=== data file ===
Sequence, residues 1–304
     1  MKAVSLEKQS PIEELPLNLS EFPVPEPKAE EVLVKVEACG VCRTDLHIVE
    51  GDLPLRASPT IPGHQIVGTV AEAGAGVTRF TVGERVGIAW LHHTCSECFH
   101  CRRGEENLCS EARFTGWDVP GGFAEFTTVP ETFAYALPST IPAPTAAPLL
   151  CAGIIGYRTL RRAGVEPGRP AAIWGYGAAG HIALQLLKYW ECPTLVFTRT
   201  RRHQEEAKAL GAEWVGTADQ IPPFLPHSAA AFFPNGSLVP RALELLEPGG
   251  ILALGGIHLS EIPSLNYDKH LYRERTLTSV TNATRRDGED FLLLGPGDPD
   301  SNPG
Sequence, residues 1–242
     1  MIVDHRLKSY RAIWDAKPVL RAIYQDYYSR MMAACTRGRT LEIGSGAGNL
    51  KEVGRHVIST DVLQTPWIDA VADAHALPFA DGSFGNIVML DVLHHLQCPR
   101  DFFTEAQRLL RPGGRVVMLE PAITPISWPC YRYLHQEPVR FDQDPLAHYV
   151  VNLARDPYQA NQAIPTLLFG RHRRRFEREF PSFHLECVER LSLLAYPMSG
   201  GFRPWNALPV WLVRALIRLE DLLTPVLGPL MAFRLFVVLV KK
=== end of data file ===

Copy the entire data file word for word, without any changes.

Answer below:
Sequence, residues 1–304
     1  MKAVSLEKQS PIEELPLNLS EFPVPEPKAE EVLVKVEACG VCRTDLHIVE
    51  GDLPLRASPT IPGHQIVGTV AEAGAGVTRF TVGERVGIAW LHHTCSECFH
   101  CRRGEENLCS EARFTGWDVP GGFAEFTTVP ETFAYALPST IPAPTAAPLL
   151  CAGIIGYRTL RRAGVEPGRP AAIWGYGAAG HIALQLLKYW ECPTLVFTRT
   201  RRHQEEAKAL GAEWVGTADQ IPPFLPHSAA AFFPNGSLVP RALELLEPGG
   251  ILALGGIHLS EIPSLNYDKH LYRERTLTSV TNATRRDGED FLLLGPGDPD
   301  SNPG
Sequence, residues 1–242
     1  MIVDHRLKSY RAIWDAKPVL RAIYQDYYSR MMAACTRGRT LEIGSGAGNL
    51  KEVGRHVIST DVLQTPWIDA VADAHALPFA DGSFGNIVML DVLHHLQCPR
   101  DFFTEAQRLL RPGGRVVMLE PAITPISWPC YRYLHQEPVR FDQDPLAHYV
   151  VNLARDPYQA NQAIPTLLFG RHRRRFEREF PSFHLECVER LSLLAYPMSG
   201  GFRPWNALPV WLVRALIRLE DLLTPVLGPL MAFRLFVVLV KK